So what is the point of this entry, you ask? Well, I got to thinking on my way home that many times we are so worried about the fact that our kids look different from us, or in my case, that I look so different from my parents. We worry about the discrimination that the children will face. We get self-conscious about strangers staring at us and wonder what they are thinking. We may snap at those who ask us where our children are from or get defensive when people compliment them on their coloring. But sometimes, as it turns out, there may be people who genuinely admire us for our color. They appreciate the differences that we bring to what can be a monochromatic crowd of folks in some cities/areas of the country. While it's true, as mentioned above, that I do not get this kind of attention on a daily basis, I can think back if I make the effort to many a person who has admired or even envied my skin shade. Cool! I'm brown and proud, yeah, that's it!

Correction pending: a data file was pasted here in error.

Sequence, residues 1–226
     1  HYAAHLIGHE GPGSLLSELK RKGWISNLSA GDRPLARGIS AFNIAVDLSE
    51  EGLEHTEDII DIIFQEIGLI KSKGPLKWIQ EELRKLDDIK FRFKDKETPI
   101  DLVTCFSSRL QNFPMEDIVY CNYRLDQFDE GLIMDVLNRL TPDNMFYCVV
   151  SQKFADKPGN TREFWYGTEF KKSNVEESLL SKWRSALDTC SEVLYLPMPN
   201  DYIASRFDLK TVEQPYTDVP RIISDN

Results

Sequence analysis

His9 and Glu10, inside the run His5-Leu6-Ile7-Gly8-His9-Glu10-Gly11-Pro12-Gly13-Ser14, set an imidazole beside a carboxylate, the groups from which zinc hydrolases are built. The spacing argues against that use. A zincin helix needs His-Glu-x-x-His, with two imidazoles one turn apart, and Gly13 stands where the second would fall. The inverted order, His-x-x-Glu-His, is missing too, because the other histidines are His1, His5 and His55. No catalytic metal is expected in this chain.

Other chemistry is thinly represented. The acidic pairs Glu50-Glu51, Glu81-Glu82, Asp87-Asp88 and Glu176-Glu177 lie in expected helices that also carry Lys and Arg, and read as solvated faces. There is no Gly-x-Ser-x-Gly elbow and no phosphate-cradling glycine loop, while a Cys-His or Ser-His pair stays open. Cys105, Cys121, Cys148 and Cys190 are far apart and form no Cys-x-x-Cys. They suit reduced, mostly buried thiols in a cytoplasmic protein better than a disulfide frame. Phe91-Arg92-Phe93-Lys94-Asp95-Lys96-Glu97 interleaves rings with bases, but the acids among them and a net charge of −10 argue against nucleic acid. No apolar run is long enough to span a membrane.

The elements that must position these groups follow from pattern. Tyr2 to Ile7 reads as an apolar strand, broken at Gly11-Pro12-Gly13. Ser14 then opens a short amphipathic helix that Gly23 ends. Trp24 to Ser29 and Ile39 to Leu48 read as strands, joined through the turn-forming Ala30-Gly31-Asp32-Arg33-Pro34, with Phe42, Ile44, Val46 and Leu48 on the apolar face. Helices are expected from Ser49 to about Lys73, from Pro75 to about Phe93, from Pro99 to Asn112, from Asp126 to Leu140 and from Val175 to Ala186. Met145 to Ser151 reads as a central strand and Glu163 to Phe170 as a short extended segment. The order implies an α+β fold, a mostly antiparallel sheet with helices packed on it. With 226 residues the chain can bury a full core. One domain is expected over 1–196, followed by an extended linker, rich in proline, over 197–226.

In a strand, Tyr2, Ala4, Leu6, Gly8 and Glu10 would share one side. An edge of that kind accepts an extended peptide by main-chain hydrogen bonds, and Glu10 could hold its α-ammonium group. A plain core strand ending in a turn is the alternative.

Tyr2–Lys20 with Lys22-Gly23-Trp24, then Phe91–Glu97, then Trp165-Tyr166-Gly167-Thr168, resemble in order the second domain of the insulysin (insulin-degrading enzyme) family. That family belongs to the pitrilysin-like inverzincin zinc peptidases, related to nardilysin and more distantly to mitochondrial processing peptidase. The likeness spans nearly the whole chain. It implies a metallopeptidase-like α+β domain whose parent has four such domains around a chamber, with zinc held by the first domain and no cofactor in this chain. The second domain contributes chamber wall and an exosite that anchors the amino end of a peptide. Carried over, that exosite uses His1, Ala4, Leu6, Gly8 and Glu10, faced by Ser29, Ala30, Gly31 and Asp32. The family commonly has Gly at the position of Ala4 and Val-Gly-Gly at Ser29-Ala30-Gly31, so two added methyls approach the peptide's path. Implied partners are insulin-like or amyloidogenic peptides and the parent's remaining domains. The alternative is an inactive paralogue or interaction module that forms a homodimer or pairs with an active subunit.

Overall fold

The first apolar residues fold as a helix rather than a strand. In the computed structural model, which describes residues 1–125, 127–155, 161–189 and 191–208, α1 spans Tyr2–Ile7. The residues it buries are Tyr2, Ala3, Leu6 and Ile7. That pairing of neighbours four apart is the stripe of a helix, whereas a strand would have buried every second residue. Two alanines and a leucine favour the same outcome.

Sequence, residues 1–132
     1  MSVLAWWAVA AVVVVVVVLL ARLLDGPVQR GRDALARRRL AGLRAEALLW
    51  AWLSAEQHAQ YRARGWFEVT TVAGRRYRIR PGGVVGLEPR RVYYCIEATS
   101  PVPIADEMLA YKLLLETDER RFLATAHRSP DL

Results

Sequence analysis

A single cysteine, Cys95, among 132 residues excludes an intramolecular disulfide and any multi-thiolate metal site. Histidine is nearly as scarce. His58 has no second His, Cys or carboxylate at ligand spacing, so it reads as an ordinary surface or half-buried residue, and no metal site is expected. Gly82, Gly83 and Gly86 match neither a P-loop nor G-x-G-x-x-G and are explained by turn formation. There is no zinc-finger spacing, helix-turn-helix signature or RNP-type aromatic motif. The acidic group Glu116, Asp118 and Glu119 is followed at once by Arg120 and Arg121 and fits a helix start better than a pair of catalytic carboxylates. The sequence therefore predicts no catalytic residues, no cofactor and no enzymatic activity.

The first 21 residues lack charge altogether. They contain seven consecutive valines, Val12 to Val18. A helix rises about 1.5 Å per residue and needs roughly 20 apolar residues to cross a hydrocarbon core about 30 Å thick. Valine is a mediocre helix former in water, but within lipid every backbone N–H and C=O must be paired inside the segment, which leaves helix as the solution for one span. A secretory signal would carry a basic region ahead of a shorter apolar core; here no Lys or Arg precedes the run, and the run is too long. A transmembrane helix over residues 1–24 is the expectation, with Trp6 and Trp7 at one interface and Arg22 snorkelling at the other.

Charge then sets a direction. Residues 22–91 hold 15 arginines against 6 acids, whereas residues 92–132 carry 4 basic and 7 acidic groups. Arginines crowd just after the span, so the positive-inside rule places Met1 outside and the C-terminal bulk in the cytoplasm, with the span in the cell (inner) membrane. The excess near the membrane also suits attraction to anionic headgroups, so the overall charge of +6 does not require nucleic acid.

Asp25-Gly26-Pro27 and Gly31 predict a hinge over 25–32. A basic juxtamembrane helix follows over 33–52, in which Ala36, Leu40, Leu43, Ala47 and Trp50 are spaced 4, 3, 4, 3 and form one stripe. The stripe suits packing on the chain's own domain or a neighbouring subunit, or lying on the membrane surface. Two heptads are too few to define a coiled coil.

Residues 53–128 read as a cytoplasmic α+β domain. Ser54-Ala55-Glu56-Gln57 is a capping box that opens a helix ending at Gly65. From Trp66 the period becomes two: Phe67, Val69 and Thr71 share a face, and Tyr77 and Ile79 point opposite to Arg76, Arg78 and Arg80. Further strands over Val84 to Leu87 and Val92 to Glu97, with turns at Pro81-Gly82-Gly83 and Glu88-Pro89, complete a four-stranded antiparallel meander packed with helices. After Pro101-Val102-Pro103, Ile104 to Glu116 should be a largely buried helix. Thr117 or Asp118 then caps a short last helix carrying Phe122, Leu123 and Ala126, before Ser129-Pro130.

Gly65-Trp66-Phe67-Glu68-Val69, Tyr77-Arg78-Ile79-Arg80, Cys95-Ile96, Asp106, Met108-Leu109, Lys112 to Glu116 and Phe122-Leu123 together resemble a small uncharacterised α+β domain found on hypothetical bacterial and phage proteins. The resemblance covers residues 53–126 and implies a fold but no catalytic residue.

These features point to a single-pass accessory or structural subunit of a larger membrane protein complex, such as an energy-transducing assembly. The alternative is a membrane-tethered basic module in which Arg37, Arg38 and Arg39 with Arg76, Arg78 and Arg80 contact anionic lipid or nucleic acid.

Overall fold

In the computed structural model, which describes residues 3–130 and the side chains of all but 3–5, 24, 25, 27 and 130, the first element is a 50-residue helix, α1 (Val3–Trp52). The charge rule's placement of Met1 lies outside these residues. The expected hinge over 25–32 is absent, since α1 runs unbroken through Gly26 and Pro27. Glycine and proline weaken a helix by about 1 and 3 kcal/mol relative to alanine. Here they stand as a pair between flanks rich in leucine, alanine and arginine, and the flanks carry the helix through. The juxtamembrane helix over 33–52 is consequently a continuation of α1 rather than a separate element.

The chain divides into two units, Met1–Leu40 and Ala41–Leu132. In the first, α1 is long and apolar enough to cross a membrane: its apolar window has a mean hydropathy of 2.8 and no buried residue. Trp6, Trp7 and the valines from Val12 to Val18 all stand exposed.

So let your kids be proud of themselves in every way, including appearance. While we are being so careful trying to get our kids to "fit in", and not "stand out" in a bad way, we may sometimes forget that there can be pride in who they are and what they look like as well. That way when they are adults and get complimented like this, they will have the self-confidence to smile, say thank-you, and walk out of that lab with a bounce in their steps that may last them the rest of the day.
Just got on my treadmill for the first time since my daughter got home. I was afraid I was going to have to oil up the belt or something, it was so dusty. Whew. But luckily I made it through a decent (albeit it short) workout.